posted on Jan, 6 2011 @ 05:51 PM
Oh great, more dead fish.
So can someone tell me what is going on here

posted on Jan, 6 2011 @ 07:46 PM
reply to post by x0shadow0x

Diversion tactic? Keep our minds off of how bad things are going to get? Or to keep our minds off of what is happening? Or just nature?
These kinds of mass deaths in fish and birds are not all that uncommon. They actually happen almost yearly. BUT....... I never remember so many happening this frequent or wide spread.

posted on Jan, 6 2011 @ 08:00 PM
It's interesting how all this happened after the holidays. Otherwise the negativity would be hooked up with Christmas However, it punctuates the New Year. Also if it had happened during the holidays more people off work might notice weird happenings, and we would all be hovering around the news and internet coommenting even more. I thought it was too quite there for the past month. This is almost like passive aggressive terrorism of some sort... but Who? What? Why?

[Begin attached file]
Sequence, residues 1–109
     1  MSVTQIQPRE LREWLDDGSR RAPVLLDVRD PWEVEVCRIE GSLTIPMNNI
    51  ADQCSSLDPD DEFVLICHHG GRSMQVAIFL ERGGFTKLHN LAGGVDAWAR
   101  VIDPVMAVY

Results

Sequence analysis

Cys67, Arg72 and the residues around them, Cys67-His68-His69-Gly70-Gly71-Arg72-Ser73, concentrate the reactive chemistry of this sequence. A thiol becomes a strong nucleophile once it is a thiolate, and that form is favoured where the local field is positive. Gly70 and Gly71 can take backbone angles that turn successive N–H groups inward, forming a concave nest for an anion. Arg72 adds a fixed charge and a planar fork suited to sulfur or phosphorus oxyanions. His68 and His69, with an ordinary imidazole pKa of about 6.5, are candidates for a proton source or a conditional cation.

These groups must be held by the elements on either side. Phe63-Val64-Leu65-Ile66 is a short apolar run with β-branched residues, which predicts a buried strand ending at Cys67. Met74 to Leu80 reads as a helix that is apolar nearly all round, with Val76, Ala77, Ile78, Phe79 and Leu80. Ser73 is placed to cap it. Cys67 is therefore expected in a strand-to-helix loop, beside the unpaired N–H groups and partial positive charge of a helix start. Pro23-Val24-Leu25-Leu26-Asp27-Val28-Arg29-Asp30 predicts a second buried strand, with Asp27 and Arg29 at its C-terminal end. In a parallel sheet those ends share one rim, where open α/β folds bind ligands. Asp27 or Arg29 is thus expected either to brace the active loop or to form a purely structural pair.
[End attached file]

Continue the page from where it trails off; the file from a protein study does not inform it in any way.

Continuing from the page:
posted on Jan, 6 2011 @ 08:31 PM

FACT CHECK: Mass bird, fish deaths occur regularly

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Jan 6, 8:28 PM (ET)

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WASHINGTON (AP) - First, the blackbirds fell out of the sky on New Year's Eve in Arkansas. In recent days, wildlife have mysteriously died in big numbers: 2 million fish in the Chesapeake Bay, 150 tons of red tilapia in Vietnam, 40,000 crabs in Britain and other places across the world. Blogs connected the deadly dots, joking about the "aflockalypse" while others saw real signs of something sinister, either biblical or environmental.

The reality, say biologists, is that these mass die-offs happen all the time and usually are unrelated.

Federal records show they happen on average every other day somewhere in North America. Usually, we don't notice them and don't try to link them to each other.

"They generally fly under the radar," said ornithologist John Wiens, chief scientist at the California research institution PRBO Conservation Science.

Since the 1970s, the U.S. Geological Survey's National Wildlife Health Center in Wisconsin has tracked mass deaths among birds, fish and other critters, said wildlife disease specialist LeAnn White. At times the sky and the streams just turn deadly. Sometimes it's disease, sometimes pollution. Other times it's just a mystery.